- The Pure Storage Benefit to Virtual Volumes demo with Pure Storage – high level touch on VVOLs and Pure Storage integration (though surprisingly not totally vendor specific and broad spectrum which I liked)
- Palo Alto product demo with Palo Alto
- Break 5
- Performance Best Practices for vSphere 6 – Not a whole lot in this one. Not a ton of new information but for statistics of performance benchmarks on physical versus virtualized servers. Biggest highlight was that vSphere 6 lowers latency a lot and offers “latency sensitive” modes to VMs. This one left a little to be desired honestly.
- VCDX Panel – words of wisdom from vExperts/etc. and was pretty insightful – motivated me to investigate vExpert with VMware.
- Closing Reception – giveaways from vendors, and the more grand-prizes of a homelab and VMworld, expenses paid trip!
Whew, that’s a lot of stuff. I think I gave a enough blurbage on each to convey what they were about. It was a pretty packed day. All of the presenters did a great job of filling everyone in on new content in vSphere 6 and talking, as best they could in ~50 mins, about how to leverage the new features. This was great.
There were, though, three areas that I would suggest improvement on. One may or may not be something the VMUG could have done anything about but the issue was the layout. I live within 30 mins of the location that the VMUG was held at but had never been there before. It was completely confusing as to where to go in order to actually get to these talks/events. That may seem pedantic, but the thing is, you’ve got like 500+ people all trying to get to events that they think pertain to their interests and they’re all trying to find a conference room called “New Jersey 2”. So, really, what it came down to was “did I see a sign for New Jersey anywhere in my travels today?” and if not “who looks like they work here?” Not a huge deal, but it meant getting to the rooms on time was tricky considering the facility is 3+ floors deep and pretty high in square footage. This is more an issue with the venue than VMUG but it’s worth mentioning that maybe having more signs between locations would have helped. There were times where I thought I was actually in the venue’s office portion.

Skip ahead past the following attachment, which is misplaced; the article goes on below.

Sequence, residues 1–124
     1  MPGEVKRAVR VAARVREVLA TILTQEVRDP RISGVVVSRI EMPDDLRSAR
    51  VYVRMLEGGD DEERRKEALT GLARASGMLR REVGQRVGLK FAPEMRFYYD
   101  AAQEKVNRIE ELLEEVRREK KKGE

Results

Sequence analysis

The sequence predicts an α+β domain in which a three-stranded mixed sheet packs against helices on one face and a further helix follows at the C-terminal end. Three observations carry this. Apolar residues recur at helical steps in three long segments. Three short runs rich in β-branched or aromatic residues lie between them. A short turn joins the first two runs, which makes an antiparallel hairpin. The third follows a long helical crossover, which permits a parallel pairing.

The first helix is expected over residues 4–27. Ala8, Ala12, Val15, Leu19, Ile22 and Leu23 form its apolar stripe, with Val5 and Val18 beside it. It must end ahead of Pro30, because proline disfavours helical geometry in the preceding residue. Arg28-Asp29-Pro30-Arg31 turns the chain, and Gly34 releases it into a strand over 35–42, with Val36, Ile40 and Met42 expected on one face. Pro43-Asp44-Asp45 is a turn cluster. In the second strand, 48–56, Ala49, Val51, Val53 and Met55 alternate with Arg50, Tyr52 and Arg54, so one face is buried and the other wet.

The second suggestion I have is a little less easy to remedy: the events I was interested in conflicted – always. For instance, there were three talks on DR/backups/recovery in the 10:10AM – 10:50AM slot. Yet, in the next slot, 11:00AM – 12:00PM, there were two sessions I’d like to have attended but obviously couldn’t. One was on Virtual SAN 6.0 which I did attend and the other was on vSphere with Operations Management. It happened again in the 1:40PM – 2:20PM slot where I went to the SRM and Virtual SAN session but also wanted to attend “Virtual Volumes for Everyone” but couldn’t. Finally, there was the “Performance Best Practices for vSphere 6” at the same time as “vCenter 6.0: Deep Dive on Deployment” in the 4:00PM – 5:00PM slot – both things that go hand in hand and yet were conflicting.
Finally, and I may be alone on this one: enough breaks! I don’t know about anyone else but I don’t need 60+ minutes of dedicated “break” time in addition to a 40 minute lunch. I would much rather have had the option to attend the sessions that conflicted at this time. Again, maybe I am alone, but maybe figure out a way to run some sessions as a repeat during the break time.
I know it’s hard to schedule all these sessions within the confines of a single day and I am sure much thought went into the schedule, but I can’t help but wonder why vSphere best practices and vCenter deployment deep dives were in the same slot. If you’re concerned about one, you’re concerned about the other too!
“You never forget your first kiss, car, or vMotion.” – @
All in all, though, it was a great experience. I picked up tons of free stuff, the vendors were cool as always, I learned things about vSphere 6 that I didn’t know yet (and I am running it, more on that in another post), and it was a great way to network. I came out of the event motivated to do more with VMware both from a technological standpoint as well as a social standpoint. I would recommend anyone go to this event. It’s costs you nothing and you’re sure to gain plenty. I left this event with names and faces who I now follow on Twitter which leads to more and more thought provoking conversations on technology.